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Criminal Resentencing: How Does It Work?

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By Brett Snider, Esq. on September 10, 2014 2:10 PM

Criminal convicts who receive an inappropriate sentence may have the chance to have it reduced, or even possibly increased, if they are resentenced.

A federal judge in Miami resentenced terrorism convict Jose Padilla on Tuesday, increasing his original 17-year prison sentence to 21 years. Reuters reports that Padilla had been an al-Qaeda recruit, and an appeals court had deemed his original sentence "too lenient."

How do convicted criminals like Padilla get resentenced?

Appeals Find Defect in Sentence

Often when a convict is up for resentencing, it is because an appellate court has found something wrong with the way the trial court initially sentenced the convict. Some common defects in sentencing include:

  • Illegal sentence. Many jurisdictions have mandatory minimums and maximum penalties for particular crimes. As you may recall, a Montana judge had his 30-day rape sentence for an ex-teacher reversed for violating the state's laws on mandatory sentencing.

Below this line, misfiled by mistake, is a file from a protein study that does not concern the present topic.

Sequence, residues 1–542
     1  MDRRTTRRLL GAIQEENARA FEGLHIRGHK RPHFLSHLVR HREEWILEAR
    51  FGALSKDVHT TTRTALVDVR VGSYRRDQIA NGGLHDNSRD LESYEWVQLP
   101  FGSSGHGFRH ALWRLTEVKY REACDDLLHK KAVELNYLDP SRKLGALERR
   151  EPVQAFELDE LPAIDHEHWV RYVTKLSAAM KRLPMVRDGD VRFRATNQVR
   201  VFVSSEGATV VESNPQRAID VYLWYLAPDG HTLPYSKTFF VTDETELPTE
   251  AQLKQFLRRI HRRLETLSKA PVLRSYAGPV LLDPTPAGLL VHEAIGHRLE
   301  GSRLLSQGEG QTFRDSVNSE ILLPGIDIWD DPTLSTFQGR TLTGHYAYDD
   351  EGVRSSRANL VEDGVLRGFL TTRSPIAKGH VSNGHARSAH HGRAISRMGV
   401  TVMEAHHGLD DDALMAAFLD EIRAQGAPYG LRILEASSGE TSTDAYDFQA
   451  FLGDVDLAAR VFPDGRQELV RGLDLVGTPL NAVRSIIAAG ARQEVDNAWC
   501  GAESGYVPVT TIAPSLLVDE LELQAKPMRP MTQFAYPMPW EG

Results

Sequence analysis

• Sentence is cruel and/or unusual. Criminals have a constitutional right to a punishment which is neither unduly cruel nor unusual. For example, allowing witness statements to recommend the death penalty in considering a sentence has been deemed grounds for resentencing.
  • Miscalculation. Often the error isn't in the interpretation of the law but in the actual calculation of the prison term. Drug cases often involve intricate calculations of time served in relation to the quantity and type of drugs found on a defendant -- and those calculations can be wrong.

For these reasons or any others that an appellate court believes is reversible error, a convict may be sent back to the sentencing court for resentencing.

Cooperation With Prosecutors

In exchange for cooperating with the government's investigation efforts, prosecutors may offer convicts a way to have their sentences reduced. If your participation ends in a conviction or prosecutors assert you provided "substantial assistance," then you may be entitled to a resentencing hearing.

At the Resentencing Hearing

Whether granted by appeal or cooperation, resentencing involves a judge considering many of the same factors when a person was originally sentenced, plus whatever has happened since then. Convicts who have been model inmates and who have substantially cooperated with prosecutors may be given a more lenient sentence. Judges must also abide with whatever instruction an appellate court may have given in ordering the defendant to be resentenced.

An experienced criminal defense attorney can (and should) be present during your resentencing hearing, and his or her advice should prove invaluable.

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